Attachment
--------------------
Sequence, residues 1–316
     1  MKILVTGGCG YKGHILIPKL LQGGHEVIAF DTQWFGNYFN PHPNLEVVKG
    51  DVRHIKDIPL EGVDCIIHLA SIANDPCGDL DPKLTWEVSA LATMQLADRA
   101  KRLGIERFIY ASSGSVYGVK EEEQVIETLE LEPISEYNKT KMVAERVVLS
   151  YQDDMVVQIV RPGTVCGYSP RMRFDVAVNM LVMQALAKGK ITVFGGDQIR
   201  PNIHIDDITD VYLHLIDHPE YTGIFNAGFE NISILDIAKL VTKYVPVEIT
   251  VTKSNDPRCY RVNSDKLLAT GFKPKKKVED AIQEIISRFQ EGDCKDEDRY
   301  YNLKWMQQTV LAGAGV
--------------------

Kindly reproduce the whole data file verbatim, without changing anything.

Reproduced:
Sequence, residues 1–316
     1  MKILVTGGCG YKGHILIPKL LQGGHEVIAF DTQWFGNYFN PHPNLEVVKG
    51  DVRHIKDIPL EGVDCIIHLA SIANDPCGDL DPKLTWEVSA LATMQLADRA
   101  KRLGIERFIY ASSGSVYGVK EEEQVIETLE LEPISEYNKT KMVAERVVLS
   151  YQDDMVVQIV RPGTVCGYSP RMRFDVAVNM LVMQALAKGK ITVFGGDQIR
   201  PNIHIDDITD VYLHLIDHPE YTGIFNAGFE NISILDIAKL VTKYVPVEIT
   251  VTKSNDPRCY RVNSDKLLAT GFKPKKKVED AIQEIISRFQ EGDCKDEDRY
   301  YNLKWMQQTV LAGAGV